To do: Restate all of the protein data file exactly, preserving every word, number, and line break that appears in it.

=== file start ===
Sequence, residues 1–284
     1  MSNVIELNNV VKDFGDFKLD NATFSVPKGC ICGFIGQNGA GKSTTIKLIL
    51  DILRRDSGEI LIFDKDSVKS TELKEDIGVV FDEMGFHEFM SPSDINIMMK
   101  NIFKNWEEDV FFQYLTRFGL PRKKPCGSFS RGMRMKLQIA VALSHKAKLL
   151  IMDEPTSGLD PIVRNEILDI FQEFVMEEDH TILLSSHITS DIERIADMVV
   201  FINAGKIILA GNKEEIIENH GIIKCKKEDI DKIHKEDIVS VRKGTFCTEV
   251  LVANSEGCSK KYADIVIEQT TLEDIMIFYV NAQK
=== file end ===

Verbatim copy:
Sequence, residues 1–284
     1  MSNVIELNNV VKDFGDFKLD NATFSVPKGC ICGFIGQNGA GKSTTIKLIL
    51  DILRRDSGEI LIFDKDSVKS TELKEDIGVV FDEMGFHEFM SPSDINIMMK
   101  NIFKNWEEDV FFQYLTRFGL PRKKPCGSFS RGMRMKLQIA VALSHKAKLL
   151  IMDEPTSGLD PIVRNEILDI FQEFVMEEDH TILLSSHITS DIERIADMVV
   201  FINAGKIILA GNKEEIIENH GIIKCKKEDI DKIHKEDIVS VRKGTFCTEV
   251  LVANSEGCSK KYADIVIEQT TLEDIMIFYV NAQK